Retirement, Saving

Understanding stable value investing

DATE | 06/03/24
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Understand the stable value investment and the role the Guaranteed Stable Investment plays in your long-term retirement savings journey.

If you’ve been watching some of the money market rates at banks and credit unions recently, it may be tempting to transfer all or some of your retirement money to one—or several. After all, some of them have a higher interest rate than you’ve seen in several years, so it would make sense, right? But when it comes to your retirement savings, short-term thinking isn’t necessarily a good strategy. The fact is that successful fixed-income investing remains a long-term game.

Before you make any financial moves you may regret, we want to help you understand the fundamentals of stable value investing, the current state of the interest rate market, and what you need to know to make sound investment decisions. This includes the role that stable value funds like the Guaranteed Stable Investment* (GSI) have in your overall portfolio. It will also help answer the question, “Why is the GSI rate lower than what I can get at a bank right now?”

Slow and steady

Retirement accounts are meant for long-term investing, and so is the GSI. Transactional accounts, like money market accounts offered by banks and credit unions, are meant for short-term saving strategies. This also makes them more sensitive to changing interest rates, which can cause them to change their rates more quickly.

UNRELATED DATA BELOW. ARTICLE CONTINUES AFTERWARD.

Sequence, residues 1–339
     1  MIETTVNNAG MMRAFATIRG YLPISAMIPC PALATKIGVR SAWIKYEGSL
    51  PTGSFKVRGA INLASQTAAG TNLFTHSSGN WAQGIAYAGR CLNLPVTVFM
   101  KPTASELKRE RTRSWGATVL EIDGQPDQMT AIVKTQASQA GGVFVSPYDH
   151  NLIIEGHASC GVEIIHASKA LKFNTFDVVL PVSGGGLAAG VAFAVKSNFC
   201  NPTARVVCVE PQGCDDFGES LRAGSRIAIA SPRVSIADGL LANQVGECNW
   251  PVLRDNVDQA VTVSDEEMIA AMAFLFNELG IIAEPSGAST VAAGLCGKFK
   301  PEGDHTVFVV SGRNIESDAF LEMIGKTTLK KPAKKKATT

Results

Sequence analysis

It may help to think of a quick analogy. Say there are two boats heading toward a destination. The GSI is like a large ocean liner and transactional accounts are like a sailboat. Over a long journey, the ocean liner handily outpaces the sailboat and is less affected by wind movements (interest rates). During the journey, if both boats had to make a sharp turn to correct their course, the sailboat would be capable of making that turn quickly, while it would take the ocean liner some time to make that maneuver. It might temporarily appear that the ocean liner is off course and that you’d get to the destination faster in the sailboat. But once the liner completes its turn, it will again outpace the sailboat on the way to the destination.